Thought's Materiality: Three Logics of the Unthought
I'd like here to consider three methods or logics for allowing thought's determination by materiality. What I mean is thinking or allowing the materiality of thought (and so what in thought is not thought). The question is thus different from that of materialism, in so far as it would perhaps be possible for the latter to think reality as material, but not necessarily account for the materiality of this very thought. I will consider three logics: the dialectical, the paradoxical-mystical, and the non-philosophical.
The dialectical logic is most cogently realized by Hegel. It consists in asserting a contradictory relationship between thought and reality. However, in actually asserting this claim, such a contradiction is reproduced in the thought itself (it is posited). A "third axis" arises, in which the very thinking of contradiction, contradicts itself. Thus, thought finds its unity and determination in and by reality, connected to it by its own (doubly contradictory) self-reference. The dialectical method has the resources to think thought's material determination through the contradictoriness of self-reference, in a form of sublation, mediation, and self-constitution.
The second logic, what we call the paradoxical-mystical one, is well represented by Wittgenstein. The "propositions" of Wittgenstein's Tractatus are meant to show us that the propositions of philosophy are senseless and its problems pseudo-problems. Of course, this means that thought as philosophy can and must self-efface itself in order to determine the sphere of the meaningful. Wittgenstein writes: "My propositions are elucidatory in this way: he who understands me finally recognizes them as senseless, when he has climbed out through them, on them, over them. (He must so to speak throw away the ladder, after he has climbed up on it.)" This self-negativity, however, involves no dialectical sublation. In overcoming the problems of philosophy, they are not raised to a new level of determination. Rather these problems are "answered" in so far as they simply vanish. Thought disappears. It disappears "into" the material and the unthought, in a passage of paradoxical self-effacement.
The last method is the non-philosophical one, put forth by François Laruelle. It differs from the previous two in being neither a passage nor contradictory. It is no passage, for the unthought, the material, is simply given as an axiom - what Laruelle calls "the One." It is no contradiction, because the One has no reflexivity, and thought's duty is to carry it forth with perfect consistency (a consistency which the unity of the One demands, or allows). Thought is determined by materiality in so far as the One is always already given, the initial, though subtracted, cause.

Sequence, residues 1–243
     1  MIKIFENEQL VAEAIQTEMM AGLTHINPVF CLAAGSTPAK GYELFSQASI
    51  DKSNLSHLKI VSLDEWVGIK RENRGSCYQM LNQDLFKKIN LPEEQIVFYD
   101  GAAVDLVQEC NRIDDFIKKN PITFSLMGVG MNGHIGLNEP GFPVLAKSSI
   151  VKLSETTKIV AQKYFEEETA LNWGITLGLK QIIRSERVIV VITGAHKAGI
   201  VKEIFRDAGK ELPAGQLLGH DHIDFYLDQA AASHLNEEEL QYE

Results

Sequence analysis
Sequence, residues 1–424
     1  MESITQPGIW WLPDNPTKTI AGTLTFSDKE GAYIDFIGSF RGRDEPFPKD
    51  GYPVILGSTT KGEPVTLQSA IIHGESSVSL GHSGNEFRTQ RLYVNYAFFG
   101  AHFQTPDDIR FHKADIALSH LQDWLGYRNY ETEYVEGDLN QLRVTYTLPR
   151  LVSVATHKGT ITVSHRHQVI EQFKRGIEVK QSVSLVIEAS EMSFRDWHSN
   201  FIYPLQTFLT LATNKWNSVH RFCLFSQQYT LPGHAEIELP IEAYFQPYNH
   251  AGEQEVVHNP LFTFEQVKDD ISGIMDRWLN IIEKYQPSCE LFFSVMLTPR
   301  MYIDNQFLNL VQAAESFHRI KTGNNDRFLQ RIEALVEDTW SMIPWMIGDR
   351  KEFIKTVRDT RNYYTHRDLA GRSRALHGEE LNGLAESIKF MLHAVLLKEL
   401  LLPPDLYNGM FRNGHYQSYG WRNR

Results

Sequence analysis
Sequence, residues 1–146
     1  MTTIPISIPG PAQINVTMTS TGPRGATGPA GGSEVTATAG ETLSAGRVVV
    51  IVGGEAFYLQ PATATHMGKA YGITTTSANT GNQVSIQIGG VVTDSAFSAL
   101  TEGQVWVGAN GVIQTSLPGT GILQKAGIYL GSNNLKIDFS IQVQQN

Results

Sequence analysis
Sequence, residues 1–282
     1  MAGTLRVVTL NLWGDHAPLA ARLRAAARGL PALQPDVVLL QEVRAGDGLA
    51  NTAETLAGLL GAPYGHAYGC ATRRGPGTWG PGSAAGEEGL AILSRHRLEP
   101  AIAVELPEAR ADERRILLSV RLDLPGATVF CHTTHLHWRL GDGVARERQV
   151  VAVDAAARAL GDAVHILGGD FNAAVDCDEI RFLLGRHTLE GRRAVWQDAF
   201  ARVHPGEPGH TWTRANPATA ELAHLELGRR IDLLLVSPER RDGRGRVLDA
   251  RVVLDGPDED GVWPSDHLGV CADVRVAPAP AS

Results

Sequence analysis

Each of these logics has its advantages. The first has always seemed congenital to radical politics. In thinking contradiction, we understand - and can act within - the conflictuality of social forces. And in the positive contradictoriness of self-reference, we make sense of how to think a society in which we ourselves are a part.
The second has the advantage of preserving the singularity of ourselves as subjects. As Wittgenstein says, in it the "problems of life" can be solved. Its form of self-reference has the means to preserve the existential paradox we are, against dialectics' residual will for the Whole.
The third form seems to bind itself most faithfully to science. Intolerant of contradiction, it strives for consistency, with a related intolerance for the self-inclusion of a Russell's or a liar's paradox, or a conflation of object-language and meta-language.
How to orient oneself within these three logics? How to coordinate them? Such a problem seems to situate itself already in the dialogic complex which these thinkings subtend, and subvert.